A Fistful of Dong: The Cost of Living in Da Nang, Vietnam

This is the first time I’ve felt a little guilty about writing one of these posts. The beach town of Da Nang is an underappreciated gem. It’s the smallest of the big five cities in Vietnam, and much less well-known than Hanoi or Saigon.

But it’s been vaunted as an up-and-coming hub for digital nomads in recent years, so the cat’s out of the bag already. If it starts getting overrun with bitcoin enthusiasts and wellness coaches, I swear it’s not my fault…

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Constraints That Liberate

“Every morning I roll out of bed and ask myself, what should I do today?”

These were the very first words I wrote on Deep Dish, 2.5 years ago. I’m as surprised as anyone to find that I still have that same untrammelled freedom today. If I had to try and pin down the central theme of this blog, it’s exactly that: opening up your options. I’m not going to stop writing about that stuff any time soon.But I do want to introduce a new through-line.

Something I’ve learned the hard way during this extended sabbatical is that you can absolutely have too much of a good thing. Total unconstrained freedom is – well – kind of freaky, actually…

Digital Minimalism review - cover image gazing into the abyss

Digital Minimalism Review: Gazing Into the Abyss

Maybe you hear a mischievous little voice in your head that whispers ‘jump!’ every time you walk across a bridge, or lean over a balcony. In a similar way, I have recurring fantasies of shutting down my social media profiles, deleting this website, and generally trying to erase my presence from the Internet.

And so, I need to read a book called Digital Minimalism like a depressed person needs a lecture on antinatalism. Of course, I read it anyway…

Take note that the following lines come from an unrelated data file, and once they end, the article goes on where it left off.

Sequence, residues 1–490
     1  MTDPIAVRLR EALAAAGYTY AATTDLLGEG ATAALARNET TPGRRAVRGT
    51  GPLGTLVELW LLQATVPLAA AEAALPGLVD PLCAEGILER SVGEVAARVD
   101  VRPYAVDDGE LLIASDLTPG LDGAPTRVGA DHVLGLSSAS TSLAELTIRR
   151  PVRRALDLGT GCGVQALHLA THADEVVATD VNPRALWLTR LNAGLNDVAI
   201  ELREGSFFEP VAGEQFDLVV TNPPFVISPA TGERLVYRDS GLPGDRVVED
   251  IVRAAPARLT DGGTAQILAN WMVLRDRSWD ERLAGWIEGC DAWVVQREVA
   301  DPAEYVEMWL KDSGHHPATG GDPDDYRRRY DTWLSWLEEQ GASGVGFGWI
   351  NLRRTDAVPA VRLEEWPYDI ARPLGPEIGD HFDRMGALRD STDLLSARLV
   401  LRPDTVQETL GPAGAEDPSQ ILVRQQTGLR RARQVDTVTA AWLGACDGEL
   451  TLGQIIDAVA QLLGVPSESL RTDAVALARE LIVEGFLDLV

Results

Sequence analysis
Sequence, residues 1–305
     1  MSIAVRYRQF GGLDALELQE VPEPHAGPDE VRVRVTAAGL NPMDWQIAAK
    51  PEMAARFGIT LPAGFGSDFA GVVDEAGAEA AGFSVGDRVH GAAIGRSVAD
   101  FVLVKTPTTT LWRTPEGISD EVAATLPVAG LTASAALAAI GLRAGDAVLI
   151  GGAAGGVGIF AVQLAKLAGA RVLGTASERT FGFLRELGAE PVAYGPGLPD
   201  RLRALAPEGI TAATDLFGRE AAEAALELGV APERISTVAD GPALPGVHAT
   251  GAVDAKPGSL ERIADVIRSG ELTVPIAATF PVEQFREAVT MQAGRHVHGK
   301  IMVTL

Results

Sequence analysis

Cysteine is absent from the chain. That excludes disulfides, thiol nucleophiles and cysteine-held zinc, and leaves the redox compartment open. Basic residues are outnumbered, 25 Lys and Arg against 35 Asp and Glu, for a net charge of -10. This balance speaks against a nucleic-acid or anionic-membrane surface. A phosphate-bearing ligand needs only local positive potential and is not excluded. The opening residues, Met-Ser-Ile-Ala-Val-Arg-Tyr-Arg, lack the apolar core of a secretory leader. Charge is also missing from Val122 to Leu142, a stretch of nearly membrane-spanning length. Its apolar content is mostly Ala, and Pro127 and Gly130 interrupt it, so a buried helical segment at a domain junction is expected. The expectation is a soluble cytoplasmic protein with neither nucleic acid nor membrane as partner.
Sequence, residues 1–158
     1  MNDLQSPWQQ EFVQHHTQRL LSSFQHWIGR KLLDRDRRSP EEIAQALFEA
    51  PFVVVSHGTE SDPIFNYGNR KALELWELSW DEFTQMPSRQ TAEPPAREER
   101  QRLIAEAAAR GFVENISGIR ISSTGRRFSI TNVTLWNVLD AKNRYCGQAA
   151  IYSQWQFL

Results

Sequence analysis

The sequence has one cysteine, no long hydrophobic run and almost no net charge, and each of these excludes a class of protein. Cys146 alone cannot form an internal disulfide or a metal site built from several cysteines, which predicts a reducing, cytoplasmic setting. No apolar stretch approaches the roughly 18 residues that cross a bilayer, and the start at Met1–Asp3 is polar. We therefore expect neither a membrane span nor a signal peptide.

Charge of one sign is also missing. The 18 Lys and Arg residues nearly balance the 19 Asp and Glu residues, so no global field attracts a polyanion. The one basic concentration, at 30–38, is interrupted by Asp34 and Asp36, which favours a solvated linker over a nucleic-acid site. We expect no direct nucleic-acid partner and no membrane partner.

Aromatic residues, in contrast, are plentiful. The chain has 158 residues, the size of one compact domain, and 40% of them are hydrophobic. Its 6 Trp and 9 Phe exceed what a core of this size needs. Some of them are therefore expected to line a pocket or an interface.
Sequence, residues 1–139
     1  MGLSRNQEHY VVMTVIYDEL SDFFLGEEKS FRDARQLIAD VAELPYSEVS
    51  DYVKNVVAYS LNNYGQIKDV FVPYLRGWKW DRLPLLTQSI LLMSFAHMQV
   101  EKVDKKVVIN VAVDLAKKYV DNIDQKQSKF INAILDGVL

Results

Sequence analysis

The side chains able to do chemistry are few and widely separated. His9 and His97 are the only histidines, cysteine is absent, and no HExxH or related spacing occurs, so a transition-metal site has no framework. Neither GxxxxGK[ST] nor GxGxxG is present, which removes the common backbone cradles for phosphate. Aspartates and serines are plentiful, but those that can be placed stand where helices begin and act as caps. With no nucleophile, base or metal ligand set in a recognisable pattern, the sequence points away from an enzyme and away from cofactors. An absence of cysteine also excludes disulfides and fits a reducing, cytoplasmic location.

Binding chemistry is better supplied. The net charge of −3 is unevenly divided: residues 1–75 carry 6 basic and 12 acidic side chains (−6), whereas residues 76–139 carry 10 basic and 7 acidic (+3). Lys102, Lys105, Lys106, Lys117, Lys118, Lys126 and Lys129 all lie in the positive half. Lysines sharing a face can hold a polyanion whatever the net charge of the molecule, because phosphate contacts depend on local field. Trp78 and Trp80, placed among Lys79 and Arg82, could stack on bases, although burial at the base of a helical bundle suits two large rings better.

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Tips For Reading 100+ Books a Year

There’s a stomach-sinking moment of realization that comes in every reader’s life: you’ll run out of years long before you run out of books. Like the monstrous hydra, every title struck off your reading list spawns three more to take its place. The unread piles glowering at you from the bedside table only grow larger. So many secrets, so little […]

Goals Gone Wild

Every month, the blogging mafia convene: if you know what’s good for you, the first post of the year better have something to do with goals and resolutions, and at least one mention of the phrase ‘new year, new me’. I’m sorry! They’ll break my kneecaps if I don’t do what they say! My compromise is to write a post […]

Living on $10,000 a year: Deep Dish 2018 spending report

Living on $10,000 a Year: Attempt #2

Last year, my goal was to live the good life on less than US$10,000. I ended up going about six hundred bucks over my target, but was pretty happy with the attempt. This year, I didn’t have any particular goal in mind. Since I’d already built a spreadsheet and got in the habit of tracking my expenses, I kept up […]

The Best of the Best Books I Read in 2018

This is normally my favourite post to write. But now I have to somehow pick out the highlights from 100+ contenders. Most of these books were curated and recommended by Deep Dish readers and other people of impeccable taste. I already knew they were going to deliver. And they did!

After much internal debate and killing of darlings, I’ve managed to narrow it down to the top 10. These are the books that blew my mind, made me howl, or filled my notebook to overflowing. In no particular order:

The Matthew Effect: For to everyone who has will more be given, and he will have an abundance. But from the one who has not, even what he has will be taken away.

Meditations on Momentum

What’s the difference between Robert Galbraith and J.K. Rowling? Clearly, being a talented writer is necessary, but not sufficient. Rowling has momentum on her side. At this point, she could publish the contents of a bowl of alphabet soup, and it would still sell better than 99 per cent of novels by hopeful first-time authors.